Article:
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90s Slang You Should Know


[pab-yuh-luh m] /ˈpæb yə ləm/
something that nourishes an animal or vegetable organism; food; nutriment.
material for intellectual nourishment.
pablum (def 2).
Origin of pabulum
1670-80; < Latin pābulum food, nourishment, equivalent to pā(scere) to feed (akin to food) + -bulum noun suffix of instrument Unabridged
Based on the Random House Dictionary, © Random House, Inc. 2017.
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Examples from the Web for pabulum
Historical Examples
  • Being aware that she was a woman of culture his desire was simply to supply her with the pabulum that she would expect.

  • pabulum is nothing without a preëxisting "something" to dispose of it.

    Life: Its True Genesis R. W. Wright
  • Of the four cells only the third develops into an ovum; the remainder are used as pabulum.

  • If they do not, no pabulum ever after, will their indurated tissues assimilate.

    The Book of Khalid Ameen Rihani
  • It offered no pabulum to the wrongdoer in the form of compensation for stolen humanity.

    The Abolitionists John F. Hume
  • They mean that the public is to be given up, not as a heathen land for conversion, but simply as a pabulum for experiment.

    Eugenics and Other Evils G. K. Chesterton
  • Inflammable matter may be considered as the pabulum of life.

  • Bearcroft the classic observed to him, that learning was pabulum animi, food of the mind.

    The Punster's Pocket-book Charles Molloy Westmacott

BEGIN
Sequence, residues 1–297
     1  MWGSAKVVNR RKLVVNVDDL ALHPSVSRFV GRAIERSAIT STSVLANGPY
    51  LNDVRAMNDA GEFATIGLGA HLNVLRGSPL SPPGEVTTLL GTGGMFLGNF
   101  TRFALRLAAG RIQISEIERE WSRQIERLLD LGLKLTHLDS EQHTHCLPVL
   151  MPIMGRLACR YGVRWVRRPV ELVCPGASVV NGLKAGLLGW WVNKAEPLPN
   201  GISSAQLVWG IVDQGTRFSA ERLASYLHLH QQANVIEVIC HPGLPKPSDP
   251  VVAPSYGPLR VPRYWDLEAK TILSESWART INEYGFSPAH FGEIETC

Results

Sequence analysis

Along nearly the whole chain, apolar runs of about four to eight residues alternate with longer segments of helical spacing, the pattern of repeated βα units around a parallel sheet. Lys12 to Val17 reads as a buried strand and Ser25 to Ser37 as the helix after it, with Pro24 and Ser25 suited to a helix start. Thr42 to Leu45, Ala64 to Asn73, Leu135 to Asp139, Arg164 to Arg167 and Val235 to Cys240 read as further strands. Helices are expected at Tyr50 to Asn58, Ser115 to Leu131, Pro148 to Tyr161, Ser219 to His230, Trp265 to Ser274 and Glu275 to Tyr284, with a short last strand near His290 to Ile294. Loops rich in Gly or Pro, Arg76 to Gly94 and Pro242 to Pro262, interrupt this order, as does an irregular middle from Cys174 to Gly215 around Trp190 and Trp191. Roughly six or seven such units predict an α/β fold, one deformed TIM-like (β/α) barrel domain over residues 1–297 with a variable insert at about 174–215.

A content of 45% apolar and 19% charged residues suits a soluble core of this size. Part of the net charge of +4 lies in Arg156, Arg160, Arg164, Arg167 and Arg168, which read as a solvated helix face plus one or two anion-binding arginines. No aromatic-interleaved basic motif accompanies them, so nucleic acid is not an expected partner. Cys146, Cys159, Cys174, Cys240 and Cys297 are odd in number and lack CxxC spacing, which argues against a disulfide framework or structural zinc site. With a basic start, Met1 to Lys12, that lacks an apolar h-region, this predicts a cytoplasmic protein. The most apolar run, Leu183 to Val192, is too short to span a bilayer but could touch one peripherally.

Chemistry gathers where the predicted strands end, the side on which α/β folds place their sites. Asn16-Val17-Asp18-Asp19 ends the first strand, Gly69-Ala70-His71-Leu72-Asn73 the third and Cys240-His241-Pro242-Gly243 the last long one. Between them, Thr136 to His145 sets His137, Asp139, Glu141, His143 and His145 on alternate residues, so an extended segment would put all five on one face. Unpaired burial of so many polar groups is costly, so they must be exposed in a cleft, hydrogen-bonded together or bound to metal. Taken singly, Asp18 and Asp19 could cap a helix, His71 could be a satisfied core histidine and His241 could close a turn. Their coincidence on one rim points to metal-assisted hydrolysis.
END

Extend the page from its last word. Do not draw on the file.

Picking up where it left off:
• But our ingenious professor of Jena dispenses with both the hare and the curry, in serving up his pabulum to the "protamoebæ."

    Life: Its True Genesis R. W. Wright
  • To remove the leaves and fallen twigs is to withdraw much of the pabulum upon which the tree was destined to feed.

    Man and Nature George P. Marsh
British Dictionary definitions for pabulum


noun (rare)
food for thought, esp when bland or dull
Word Origin
C17: from Latin, from pascere to feed
Collins English Dictionary - Complete & Unabridged 2012 Digital Edition
© William Collins Sons & Co. Ltd. 1979, 1986 © HarperCollins
Publishers 1998, 2000, 2003, 2005, 2006, 2007, 2009, 2012
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Word Origin and History for pabulum

"food" for anything, 1670s, from Latin pabulum "fodder, food, nourishment," from PIE root *pa- "to protect, feed" (see food) + instrumentive suffix *-dhlom.

Pablum (1932), derived from this, is a trademark (Mead Johnson & Co.) for a soft, bland cereal used as a food for infants and weak and invalid people, hence figurative use (attested from 1970, first by U.S. Vice President Spiro Agnew) in reference to "mushy" political prose.

Online Etymology Dictionary, © 2010 Douglas Harper
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